United States of America, Plaintiff-appellee, v. Frances Roxanne Franks, Defendant-appellant, 309 F.3d 977 (7th Cir. 2002)Annotate this Case
Sharon Jackson (argued), Office of the U.S. Atty., Indianapolis, IN, for Plaintiff-Appellee.
James C. McKinley (argued), Indiana Federal Community Defenders, Inc., Indianapolis, IN, for Defendant-Appellant.
Before BAUER, EASTERBROOK, and ROVNER, Circuit Judges.
EASTERBROOK, Circuit Judge.
Roxanne Franks has been convicted of mail fraud. She contends that her real crime is embezzlement, though it is hard to see how this characterization would do her much good (unless the state prosecutor declined to proceed), for her guilt of that offense is clear and her federal sentence is only six months' imprisonment.
Franks worked at a medical clinic. Between July 1999 and August 2000 she took almost 450 checks that the clinic had received to pay for services rendered. She deposited these checks in her personal bank account. The bank then forwarded the checks for collection using interstate couriers. (The mail fraud statute, 18 U.S.C. § 1341, makes it unlawful to use any interstate delivery system, not just the mails, to perpetrate frauds and swindles.) According to Franks, this use of interstate transportation did not facilitate the deceit of her employer; it just adjusted the accounts among the potential victims (the patients, their insurers, the clinic, and the banks). And when use of the mails does no more than determine where a loss falls, § 1341 has not been violated. United States v. Maze, 414 U.S. 395, 94 S. Ct. 645, 38 L. Ed. 2d 603 (1974); Parr v. United States, 363 U.S. 370, 80 S. Ct. 1171, 4 L. Ed. 2d 1277 (1960); Kann v. United States, 323 U.S. 88, 65 S. Ct. 148, 89 L. Ed. 88 (1944). Only when interstate transit plays some part in the scheme's success has this crime been committed. Franks relies particularly on Kann, which held that the use of interstate means to collect a check did not offend § 1341 because the scheme was complete as soon as the depository bank paid the check:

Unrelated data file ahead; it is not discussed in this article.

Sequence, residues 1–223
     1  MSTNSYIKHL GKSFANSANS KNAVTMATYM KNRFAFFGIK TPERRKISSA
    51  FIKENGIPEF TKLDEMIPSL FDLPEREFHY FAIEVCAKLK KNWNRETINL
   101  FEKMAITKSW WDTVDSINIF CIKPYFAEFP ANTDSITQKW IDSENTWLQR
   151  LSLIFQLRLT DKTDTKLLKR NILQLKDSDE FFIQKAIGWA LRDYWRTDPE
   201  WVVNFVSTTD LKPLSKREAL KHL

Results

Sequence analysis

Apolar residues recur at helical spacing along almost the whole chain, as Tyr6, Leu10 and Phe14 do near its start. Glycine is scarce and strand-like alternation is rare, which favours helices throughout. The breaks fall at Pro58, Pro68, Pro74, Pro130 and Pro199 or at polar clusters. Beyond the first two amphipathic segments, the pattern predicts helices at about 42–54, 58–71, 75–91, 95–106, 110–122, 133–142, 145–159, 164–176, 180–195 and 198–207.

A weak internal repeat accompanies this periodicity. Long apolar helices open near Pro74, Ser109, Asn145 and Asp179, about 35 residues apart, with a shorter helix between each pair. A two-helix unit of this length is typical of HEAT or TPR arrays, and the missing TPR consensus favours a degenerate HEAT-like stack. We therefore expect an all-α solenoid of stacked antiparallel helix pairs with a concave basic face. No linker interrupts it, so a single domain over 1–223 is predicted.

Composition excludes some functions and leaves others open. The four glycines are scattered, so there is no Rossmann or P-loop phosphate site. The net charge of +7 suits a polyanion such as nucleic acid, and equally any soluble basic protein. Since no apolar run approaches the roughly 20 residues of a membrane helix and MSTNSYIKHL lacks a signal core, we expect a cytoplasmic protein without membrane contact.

The banks which cashed or credited the checks, being holders in due course, were entitled to collect from the drawee bank in each case and the drawer had no defense to payment. The scheme in each case had reached fruition. The persons intended to receive the money had received it irrevocably. It was immaterial to them, or to any consummation of the scheme, how the bank which paid or credited the check would collect from the drawee bank. It cannot be said that the mailings in question were for the purpose of executing the scheme, as the statute requires.
323 U.S. at 94, 65 S. Ct. 148.
Kann predates the Uniform Commercial Code, which makes it easy for a customer's bank to reverse the credit if the instrument cannot be collected. Franks deposited the checks into her personal account. Even if she drew off the embezzled funds promptly, her own funds remained and could have been debited to cover the loss, had the checks not been sent out of state and paid in due course. This made interstate transportation essential to the scheme's success. (After Pereira v. United States, 347 U.S. 1, 74 S. Ct. 358, 98 L. Ed. 435 (1954), a contention that Franks did not know that interstate means would be used to collect would be untenable and is not made.) What is more, the offense defined by § 1341 is the scheme to defraud, not the individual mailing in isolation. The prosecutor in Kann charged three schemes of one check apiece, which led to the Court's reply that each scheme had succeeded before the solitary check reached the drawee bank. The prosecutor charged Franks with one scheme covering 449 checks over 14 months. If the early checks had not been sent interstate and cleared, the later checks would not have been credited to Franks' account, and her scheme would have been foiled. Thus here, as in Schmuck v. United States, 489 U.S. 705, 109 S. Ct. 1443, 103 L. Ed. 2d 734 (1989), the interstate transportation facilitated the repetition of acts that were vital to making the scheme profitable. The evidence supports the conviction, which therefore is